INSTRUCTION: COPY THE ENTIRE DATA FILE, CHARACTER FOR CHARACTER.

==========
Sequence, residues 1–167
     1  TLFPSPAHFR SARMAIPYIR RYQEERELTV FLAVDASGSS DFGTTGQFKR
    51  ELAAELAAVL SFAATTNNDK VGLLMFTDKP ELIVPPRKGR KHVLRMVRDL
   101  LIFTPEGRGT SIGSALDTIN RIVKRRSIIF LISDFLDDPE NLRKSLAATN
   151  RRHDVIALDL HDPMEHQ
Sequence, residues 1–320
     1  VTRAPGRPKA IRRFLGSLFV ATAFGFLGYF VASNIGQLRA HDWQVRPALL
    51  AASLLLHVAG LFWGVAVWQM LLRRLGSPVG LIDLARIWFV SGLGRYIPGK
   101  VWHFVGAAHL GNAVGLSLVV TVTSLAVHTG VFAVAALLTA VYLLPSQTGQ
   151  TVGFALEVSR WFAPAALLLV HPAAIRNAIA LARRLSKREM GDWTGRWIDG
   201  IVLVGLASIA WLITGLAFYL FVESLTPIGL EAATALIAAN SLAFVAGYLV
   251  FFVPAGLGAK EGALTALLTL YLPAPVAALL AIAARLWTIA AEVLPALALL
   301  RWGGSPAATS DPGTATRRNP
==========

Sequence, residues 1–167
     1  TLFPSPAHFR SARMAIPYIR RYQEERELTV FLAVDASGSS DFGTTGQFKR
    51  ELAAELAAVL SFAATTNNDK VGLLMFTDKP ELIVPPRKGR KHVLRMVRDL
   101  LIFTPEGRGT SIGSALDTIN RIVKRRSIIF LISDFLDDPE NLRKSLAATN
   151  RRHDVIALDL HDPMEHQ
Sequence, residues 1–320
     1  VTRAPGRPKA IRRFLGSLFV ATAFGFLGYF VASNIGQLRA HDWQVRPALL
    51  AASLLLHVAG LFWGVAVWQM LLRRLGSPVG LIDLARIWFV SGLGRYIPGK
   101  VWHFVGAAHL GNAVGLSLVV TVTSLAVHTG VFAVAALLTA VYLLPSQTGQ
   151  TVGFALEVSR WFAPAALLLV HPAAIRNAIA LARRLSKREM GDWTGRWIDG
   201  IVLVGLASIA WLITGLAFYL FVESLTPIGL EAATALIAAN SLAFVAGYLV
   251  FFVPAGLGAK EGALTALLTL YLPAPVAALL AIAARLWTIA AEVLPALALL
   301  RWGGSPAATS DPGTATRRNP